TWO student teams are representing Malaysia in an ongoing international Artificial Intelligence (AI) competition.
And one of them is from Curtin University Malaysia.
The third annual Asia Pacific High Performance Computing – Artificial Intelligence (APAC HPC-AI) Competition is running from May 20 to Oct 15 and is co-organised by the HPC-AI Advisory Council and the Singapore National Supercomputing Centre.
This year’s edition of the competition encourages international teams in the Asia Pacific to showcase their mastery of high-performance computing and AI expertise in a friendly yet spirited competition that builds critical skills, professional relationships, competitive spirit and lifelong camaraderie.
Held remotely, the competition is seeing a record number of teams – 30 in total – comprising undergraduate and graduate competitors from some of the region’s leading academic institutions.
The countries and regions represented are Malaysia, Australia, Bangladesh, Bhutan, China, Hong Kong, India, Singapore, Sri Lanka, Taiwan and Thailand.
The winning teams will be announced at the Supercomputing Conference 2020 in Atlanta, Georgia, USA, this November, followed by an official award ceremony at the SupercomputingAsia 2021 (SCA21) Conference which is scheduled for March in Singapore.
The champion team will go on to compete in the 2021 ISC-HPCAIAC Student Cluster Competition in Frankfurt, Germany, next June.
The Curtin University Malaysia team comprises eight undergraduate and two postgraduate students, namely fourth year electronic and communication engineering student Tay Chuan Zhi; third year electrical and electronic engineering students Saad Mahmud, John Julius Danker Khoo and Solomon Haw Wei Wern; second year electrical and electronic engineering students Koh Say Kit, Gan Ting Yu, Sia Chun Wan and Adelson Chee Lok Thien; and PhD students Jonathan Phang Then Sien and Chiam Dar Hung.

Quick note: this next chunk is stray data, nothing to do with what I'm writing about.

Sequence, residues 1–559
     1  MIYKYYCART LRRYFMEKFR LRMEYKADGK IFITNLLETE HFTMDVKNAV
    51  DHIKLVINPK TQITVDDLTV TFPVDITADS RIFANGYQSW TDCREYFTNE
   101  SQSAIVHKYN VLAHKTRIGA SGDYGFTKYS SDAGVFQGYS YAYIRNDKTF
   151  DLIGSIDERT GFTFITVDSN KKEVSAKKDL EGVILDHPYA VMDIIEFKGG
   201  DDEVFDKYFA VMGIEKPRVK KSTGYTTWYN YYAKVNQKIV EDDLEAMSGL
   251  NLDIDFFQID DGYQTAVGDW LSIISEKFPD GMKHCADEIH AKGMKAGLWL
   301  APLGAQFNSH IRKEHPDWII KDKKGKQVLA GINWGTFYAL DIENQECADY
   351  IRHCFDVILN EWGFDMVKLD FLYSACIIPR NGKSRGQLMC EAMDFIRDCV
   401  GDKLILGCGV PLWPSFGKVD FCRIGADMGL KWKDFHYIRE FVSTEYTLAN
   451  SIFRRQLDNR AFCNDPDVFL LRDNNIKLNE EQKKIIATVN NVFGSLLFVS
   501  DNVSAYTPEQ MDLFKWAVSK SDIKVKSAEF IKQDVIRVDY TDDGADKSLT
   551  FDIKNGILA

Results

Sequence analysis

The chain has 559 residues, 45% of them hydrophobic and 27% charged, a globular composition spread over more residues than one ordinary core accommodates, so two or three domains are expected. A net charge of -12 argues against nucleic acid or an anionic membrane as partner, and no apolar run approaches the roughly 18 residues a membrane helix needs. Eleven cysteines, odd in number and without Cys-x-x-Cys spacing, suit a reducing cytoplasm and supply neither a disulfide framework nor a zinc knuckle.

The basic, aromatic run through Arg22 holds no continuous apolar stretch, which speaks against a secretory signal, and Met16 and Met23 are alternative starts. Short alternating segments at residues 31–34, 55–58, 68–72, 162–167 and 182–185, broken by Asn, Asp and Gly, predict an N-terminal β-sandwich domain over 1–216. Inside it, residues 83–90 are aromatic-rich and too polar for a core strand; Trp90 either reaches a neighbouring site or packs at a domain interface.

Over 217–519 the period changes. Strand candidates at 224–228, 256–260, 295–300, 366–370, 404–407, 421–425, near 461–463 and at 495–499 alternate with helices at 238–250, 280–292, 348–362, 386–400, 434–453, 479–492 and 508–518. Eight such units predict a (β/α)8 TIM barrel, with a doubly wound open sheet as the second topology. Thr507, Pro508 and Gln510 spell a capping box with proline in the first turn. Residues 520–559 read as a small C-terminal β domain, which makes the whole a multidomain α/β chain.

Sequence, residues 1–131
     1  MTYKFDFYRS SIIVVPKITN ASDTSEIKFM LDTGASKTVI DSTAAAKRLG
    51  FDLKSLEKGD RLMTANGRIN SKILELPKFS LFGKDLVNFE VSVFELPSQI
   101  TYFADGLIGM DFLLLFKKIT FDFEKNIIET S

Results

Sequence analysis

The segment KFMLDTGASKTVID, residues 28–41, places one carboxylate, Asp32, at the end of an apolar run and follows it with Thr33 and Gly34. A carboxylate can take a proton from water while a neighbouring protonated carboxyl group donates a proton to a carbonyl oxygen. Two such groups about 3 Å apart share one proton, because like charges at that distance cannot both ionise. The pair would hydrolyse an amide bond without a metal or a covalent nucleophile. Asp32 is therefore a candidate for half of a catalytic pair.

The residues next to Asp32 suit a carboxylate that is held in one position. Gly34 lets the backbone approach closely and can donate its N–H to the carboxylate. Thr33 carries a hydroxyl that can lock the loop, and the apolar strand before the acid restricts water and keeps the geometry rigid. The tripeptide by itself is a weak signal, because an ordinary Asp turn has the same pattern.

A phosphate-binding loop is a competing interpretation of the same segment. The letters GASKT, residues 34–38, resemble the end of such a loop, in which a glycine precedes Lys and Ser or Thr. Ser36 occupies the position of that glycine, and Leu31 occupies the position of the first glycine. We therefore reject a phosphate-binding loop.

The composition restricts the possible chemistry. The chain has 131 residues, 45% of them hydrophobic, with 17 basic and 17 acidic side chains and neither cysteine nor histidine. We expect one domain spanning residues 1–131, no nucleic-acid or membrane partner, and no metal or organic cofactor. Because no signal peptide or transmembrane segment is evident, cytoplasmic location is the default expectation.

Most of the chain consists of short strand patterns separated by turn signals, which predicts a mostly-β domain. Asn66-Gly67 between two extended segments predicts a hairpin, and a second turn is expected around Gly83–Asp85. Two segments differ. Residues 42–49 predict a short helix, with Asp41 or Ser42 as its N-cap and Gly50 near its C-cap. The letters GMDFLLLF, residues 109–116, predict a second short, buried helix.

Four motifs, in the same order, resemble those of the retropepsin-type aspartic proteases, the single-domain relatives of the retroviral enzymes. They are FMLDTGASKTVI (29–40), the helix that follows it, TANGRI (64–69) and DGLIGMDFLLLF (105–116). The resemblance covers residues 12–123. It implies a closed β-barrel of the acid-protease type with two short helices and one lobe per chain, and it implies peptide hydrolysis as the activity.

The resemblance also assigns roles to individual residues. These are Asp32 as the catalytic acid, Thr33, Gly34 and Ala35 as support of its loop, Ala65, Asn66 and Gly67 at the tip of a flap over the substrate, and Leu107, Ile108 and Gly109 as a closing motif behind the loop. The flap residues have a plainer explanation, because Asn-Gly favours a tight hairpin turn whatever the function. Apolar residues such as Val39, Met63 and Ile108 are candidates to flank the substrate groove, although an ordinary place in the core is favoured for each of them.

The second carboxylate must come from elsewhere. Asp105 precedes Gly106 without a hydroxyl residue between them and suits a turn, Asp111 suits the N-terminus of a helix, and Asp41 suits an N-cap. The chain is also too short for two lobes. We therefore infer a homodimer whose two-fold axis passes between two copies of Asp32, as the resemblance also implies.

Coaching the team is Assoc Prof Garenth Lim King Hann from the university’s Department of Electrical and Computer Engineering.
Chuan Zhi, who is the team leader, said high performance computing for data processing is crucial nowadays, particularly for data analysis in research projects, as there is simply so much data to work with.
“This competition gives students the opportunity to not only compete but also learn.
“It gives us the chance to engage in big data analytics that can be beneficial to our future careers, ” he remarked.
John Julius, who is participating for the first time in an international competition, said: “I am looking forward to expanding my knowledge and applying my practical skills in the real world challenges alongside my teammates.”
According to Prof Lim, the competition exposes students to real-world disciplines and encourages new ways of thinking and tackling problems.
Besides gaining valuable practical experience, they will develop the potential to make a major contribution in solving industrial challenges and shape their own successful outcomes in the future, he said.
“This competition is a good motivation for our students to understand the importance of big data analytics using fast computing to handle industrial problems, ” he added.
Combining classical and novel challenges, the competition includes ‘real world’ scenarios that will test each team’s combined knowledge and skills in natural language processing (BERT) and climate simulation (NEMO).
As part of this year’s competition, the HPCAIAC and NSCC have joined the global fight against Covid-19 and have expanded the competition to address education and applied learning towards accelerating bioscience research and discovery.
The participating teams will be tasked to research, find and choose a high performance computing or AI application that can potentially be used to aid researchers design new drugs and vaccines to combat the virus and better prepare them to provide solutions to future global issues.